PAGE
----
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Kiln People
Beth Meacham, David Brin

The Neutronium Alchemist

The Neutronium Alchemist - Peter F. Hamilton I read the The Reality Dysfunction is out of the question. I considered reading up summaries in Wikipedia or some other web sites but then I decided to throw caution to the wind and just dive into this second book and see what happen. It is a testament to [a:Peter F. Hamilton|25375|Peter F. Hamilton|https://d202m5krfqbpi5.cloudfront.net/authors/1235123752p2/25375.jpg]'s writing skill that he manages to bring me back to speed without a prologue chapter that summarize what went on in the previous book. The little details and characters’ names gradually fell into place as I read on. Funny how the brain archives these details in some dusty storage places and they come out when the memory is jogged.

As with all the Peter F. Hamilton’s books that I have read so far The Neutronium Alchemist is a long book but a quick read. His prose is always clear, his pacing is good and never grind to a halt. Most of the main characters are fairly engaging and his “Confederation Universe” is always full of wonder. The only difficulty I tend to have is the large cast of characters, there are so many minor characters that I find it impossible to remember who they all are and whose side they are on. There is, however, a “Cast of Characters” appendix at the end of the book if you don’t mind jumping back and forth to that as you read. I personally could not be bothered so I just figure them out from the context of the chapters.

The Neutronium Alchemist of course continues where [b:The Reality Dysfunction|45245|The Reality Dysfunction (Night's Dawn, #1)|Peter F. Hamilton|https://d202m5krfqbpi5.cloudfront.net/books/1331274659s/45245.jpg|747250] left off. In the first book we are introduced to the Confederation Universe and what happen when the souls of the dead start coming back to possess the living. Obviously that doesn’t sound very sci-fi, more like some ridiculous “exorcist in space” silliness you may get in an episode of Family Guy, but leave it to Hamilton to come up with some pseudo-science to make the concept somewhat believable within a sci-fi setting*. The major difference between this second volume and the previous one is that the return of the dead through possession is now and an established fact and the readers are spared the dull process of each character being skeptical to begin with until their jaws drop when the dead come calling. The struggle between the living and the dead was too uneven in the first book, in this one at least the living have found some way of coping but not defeating the enemy.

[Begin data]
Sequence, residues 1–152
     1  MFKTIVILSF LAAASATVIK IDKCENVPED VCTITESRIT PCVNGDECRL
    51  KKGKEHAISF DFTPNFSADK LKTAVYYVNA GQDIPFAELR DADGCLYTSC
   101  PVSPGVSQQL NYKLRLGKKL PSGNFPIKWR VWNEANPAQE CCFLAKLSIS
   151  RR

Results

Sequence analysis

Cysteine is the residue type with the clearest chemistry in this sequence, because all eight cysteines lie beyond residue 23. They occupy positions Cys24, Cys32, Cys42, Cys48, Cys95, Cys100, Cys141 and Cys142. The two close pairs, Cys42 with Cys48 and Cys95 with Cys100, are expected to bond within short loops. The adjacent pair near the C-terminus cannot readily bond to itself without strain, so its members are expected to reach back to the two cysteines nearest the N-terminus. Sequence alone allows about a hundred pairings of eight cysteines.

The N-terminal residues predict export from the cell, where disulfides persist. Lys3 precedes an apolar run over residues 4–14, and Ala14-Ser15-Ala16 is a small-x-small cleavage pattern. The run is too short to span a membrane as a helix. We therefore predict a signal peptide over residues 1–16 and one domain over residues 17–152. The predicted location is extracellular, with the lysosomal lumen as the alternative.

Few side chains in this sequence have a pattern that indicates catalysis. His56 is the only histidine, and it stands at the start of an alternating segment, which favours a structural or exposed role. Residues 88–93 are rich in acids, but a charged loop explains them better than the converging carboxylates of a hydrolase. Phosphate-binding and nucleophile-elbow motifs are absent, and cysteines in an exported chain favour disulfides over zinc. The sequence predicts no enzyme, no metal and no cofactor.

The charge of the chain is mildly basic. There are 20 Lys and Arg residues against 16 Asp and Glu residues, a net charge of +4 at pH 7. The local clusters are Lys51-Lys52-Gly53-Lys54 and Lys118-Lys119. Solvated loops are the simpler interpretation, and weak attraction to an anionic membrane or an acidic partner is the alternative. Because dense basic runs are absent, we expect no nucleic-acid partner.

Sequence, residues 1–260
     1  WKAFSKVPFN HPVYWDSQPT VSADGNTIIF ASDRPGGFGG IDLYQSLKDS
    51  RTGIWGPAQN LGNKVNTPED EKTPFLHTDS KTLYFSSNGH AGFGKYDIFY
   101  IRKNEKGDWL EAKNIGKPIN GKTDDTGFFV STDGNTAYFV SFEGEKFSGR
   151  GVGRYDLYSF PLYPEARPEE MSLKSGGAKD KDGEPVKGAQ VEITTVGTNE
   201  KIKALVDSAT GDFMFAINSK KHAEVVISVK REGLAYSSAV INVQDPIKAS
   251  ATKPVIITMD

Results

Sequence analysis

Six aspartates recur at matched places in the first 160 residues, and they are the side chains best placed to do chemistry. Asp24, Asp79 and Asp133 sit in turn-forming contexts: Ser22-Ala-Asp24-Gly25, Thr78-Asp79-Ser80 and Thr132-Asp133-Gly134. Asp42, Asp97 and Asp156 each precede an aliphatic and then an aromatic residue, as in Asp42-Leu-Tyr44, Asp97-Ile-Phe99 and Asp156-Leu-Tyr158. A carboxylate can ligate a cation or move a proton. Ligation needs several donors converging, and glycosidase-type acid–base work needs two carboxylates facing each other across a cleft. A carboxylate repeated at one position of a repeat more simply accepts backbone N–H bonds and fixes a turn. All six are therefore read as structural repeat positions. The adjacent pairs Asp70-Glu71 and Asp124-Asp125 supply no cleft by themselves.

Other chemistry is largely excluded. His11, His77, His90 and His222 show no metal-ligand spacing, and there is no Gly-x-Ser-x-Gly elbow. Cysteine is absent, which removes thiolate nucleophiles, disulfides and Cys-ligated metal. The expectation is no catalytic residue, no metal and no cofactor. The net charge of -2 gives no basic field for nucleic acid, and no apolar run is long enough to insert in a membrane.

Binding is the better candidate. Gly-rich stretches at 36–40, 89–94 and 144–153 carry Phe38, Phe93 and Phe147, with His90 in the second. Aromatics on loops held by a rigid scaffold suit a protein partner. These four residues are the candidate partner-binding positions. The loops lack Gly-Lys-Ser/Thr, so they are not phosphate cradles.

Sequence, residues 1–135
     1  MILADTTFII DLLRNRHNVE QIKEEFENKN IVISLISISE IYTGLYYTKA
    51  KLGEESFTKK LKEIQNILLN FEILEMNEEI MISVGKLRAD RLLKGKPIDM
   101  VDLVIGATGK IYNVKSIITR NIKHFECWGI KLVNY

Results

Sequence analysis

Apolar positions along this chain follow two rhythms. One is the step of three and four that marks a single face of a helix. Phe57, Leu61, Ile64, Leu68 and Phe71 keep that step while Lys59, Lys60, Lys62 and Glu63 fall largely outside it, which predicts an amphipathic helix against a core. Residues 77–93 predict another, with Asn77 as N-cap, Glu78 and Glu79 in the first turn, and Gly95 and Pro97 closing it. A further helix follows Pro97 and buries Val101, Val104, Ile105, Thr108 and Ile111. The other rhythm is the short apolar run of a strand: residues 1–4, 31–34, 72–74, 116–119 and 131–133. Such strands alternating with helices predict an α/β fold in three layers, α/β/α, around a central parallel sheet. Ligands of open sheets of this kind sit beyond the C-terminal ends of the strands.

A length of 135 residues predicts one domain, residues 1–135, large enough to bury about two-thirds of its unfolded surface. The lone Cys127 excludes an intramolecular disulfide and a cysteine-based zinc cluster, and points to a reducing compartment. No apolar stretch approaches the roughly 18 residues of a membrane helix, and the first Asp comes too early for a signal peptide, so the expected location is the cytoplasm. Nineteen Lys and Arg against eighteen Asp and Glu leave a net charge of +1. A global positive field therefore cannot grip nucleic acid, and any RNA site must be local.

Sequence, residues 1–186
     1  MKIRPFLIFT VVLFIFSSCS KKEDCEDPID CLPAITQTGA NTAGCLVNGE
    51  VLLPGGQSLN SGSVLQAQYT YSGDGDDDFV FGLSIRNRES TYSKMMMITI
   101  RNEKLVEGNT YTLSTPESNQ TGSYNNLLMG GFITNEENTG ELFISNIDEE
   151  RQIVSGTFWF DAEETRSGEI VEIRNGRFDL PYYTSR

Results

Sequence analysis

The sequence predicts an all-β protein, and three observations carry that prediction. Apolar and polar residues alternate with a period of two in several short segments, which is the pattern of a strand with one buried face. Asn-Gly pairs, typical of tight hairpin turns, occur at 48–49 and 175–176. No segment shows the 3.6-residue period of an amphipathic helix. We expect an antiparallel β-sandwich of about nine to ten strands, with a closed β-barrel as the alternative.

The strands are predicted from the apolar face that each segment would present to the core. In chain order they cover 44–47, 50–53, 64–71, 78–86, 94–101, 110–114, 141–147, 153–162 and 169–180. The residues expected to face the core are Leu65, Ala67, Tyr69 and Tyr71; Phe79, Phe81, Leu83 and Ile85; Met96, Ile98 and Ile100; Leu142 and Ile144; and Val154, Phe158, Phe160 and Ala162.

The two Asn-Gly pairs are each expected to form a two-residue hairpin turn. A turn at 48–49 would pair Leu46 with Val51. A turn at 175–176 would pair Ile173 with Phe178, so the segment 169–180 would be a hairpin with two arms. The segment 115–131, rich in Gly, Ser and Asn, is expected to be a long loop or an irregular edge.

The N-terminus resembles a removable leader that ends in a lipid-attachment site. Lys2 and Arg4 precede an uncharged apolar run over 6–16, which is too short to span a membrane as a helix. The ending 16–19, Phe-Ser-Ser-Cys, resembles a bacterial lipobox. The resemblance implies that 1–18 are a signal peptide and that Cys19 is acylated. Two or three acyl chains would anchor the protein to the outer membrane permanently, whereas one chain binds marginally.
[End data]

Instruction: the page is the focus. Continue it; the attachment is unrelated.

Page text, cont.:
Characterization is also much more interesting in this book as many chapters are told from the possessed characters’ point of view, some of whom are even decent people. The usage of historical characters like Al Capone and Fletcher Christian as major characters also piles on the fun. Hamilton’s plotting skills is second to none, I cannot imagine how he manages to juggle all the numerous plot strands and gradually weave them into a cohesive story. He also has a great eye for minutiae, like this little scene from a possessed character’s view point: “Once he’d actually thrown up after transforming sachets of bread into chocolate gateau – he hadn't removed the foil wrapping first.”

The Neutronium Alchemist, like [b:The Reality Dysfunction|45245|The Reality Dysfunction (Night's Dawn, #1)|Peter F. Hamilton|https://d202m5krfqbpi5.cloudfront.net/books/1331274659s/45245.jpg|747250] before it, is not a book to read for edification. It is just a fun romp. A book this length is bound to have themes you can glean from but why not just give yourself a well-earned break and just kick back and enjoy.

The final volume [b:The Naked God|45260|The Naked God (Night's Dawn, #3)|Peter F. Hamilton|https://d202m5krfqbpi5.cloudfront.net/books/1316548289s/45260.jpg|1396625] is just as long as The Neutronium Alchemist. Damn you Peter F!

*There is a good discussion of whether The Night Dawn Trilogy is science fiction or science fantasy here

Note: I intended to mention the phrase “massive epic space opera” somewhere in the review, but I can’t find a place to shoehorn it in so I’ll just stick it here.